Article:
Thunk-thunk. Thunk-thunk.

Life wasn’t looking so bright this morning for the field mouse. This year’s litter had all grown and gone looking for mates in neighboring fields. Yesterday, the last of his old cow friends had just been loaded into the slaughterhouse trailer. An hour before sunrise, a barn owl had scooped up the mouse’s last living relatives and carried them shrieking into the night.

This left him with nobody but his wife, whose cute figure had packed up and left with her sense of humor last summer. She had just sent him out for some nuts and seeds, complaining that the pile he’d collected last night was already stale. “And hurry up, slim,” she cackled, “I’m starving here!” This field mouse had had enough.

He was walking along the road to the farmer’s storehouse, enjoying the wind from the rushing cars, when he got a bright idea. “If I could just get a ride to the next county,” he thought, “I could find a new girlfriend and forget about my fat, bickering wife!”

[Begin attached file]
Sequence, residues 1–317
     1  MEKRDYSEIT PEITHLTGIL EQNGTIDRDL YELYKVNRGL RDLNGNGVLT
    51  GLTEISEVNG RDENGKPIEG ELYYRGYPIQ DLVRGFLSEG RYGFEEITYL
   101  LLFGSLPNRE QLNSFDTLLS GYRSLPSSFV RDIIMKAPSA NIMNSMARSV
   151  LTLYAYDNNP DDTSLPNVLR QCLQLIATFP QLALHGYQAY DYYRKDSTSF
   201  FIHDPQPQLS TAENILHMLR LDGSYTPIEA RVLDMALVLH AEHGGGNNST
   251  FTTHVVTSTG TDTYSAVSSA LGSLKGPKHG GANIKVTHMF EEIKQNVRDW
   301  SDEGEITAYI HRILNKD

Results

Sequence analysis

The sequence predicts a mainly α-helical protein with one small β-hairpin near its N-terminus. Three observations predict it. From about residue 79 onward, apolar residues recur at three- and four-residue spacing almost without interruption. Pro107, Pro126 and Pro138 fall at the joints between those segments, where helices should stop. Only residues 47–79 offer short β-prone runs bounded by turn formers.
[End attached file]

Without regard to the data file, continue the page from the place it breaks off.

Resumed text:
The little mouse spent an hour trying to thumb a ride but nobody seemed to notice him there by the road. Was it his size? There was a prison nearby; maybe it was that nobody wanted to pick up an escaped convict by mistake. The cries of his wife, which had been carried faintly on the wind a few minutes before, were growing louder. She must have tracked him!

Desperation gripped the little mouse. He leapt into the road to evade his wife. A car was rolling toward him in the opposite lane; it seemed low enough that he could grab hold of some part of the undercarriage and speed away from his mate. Hadn’t he seen it done on TV? He darted into the path of my car and was squashed under the left tires. The next car hit him, too.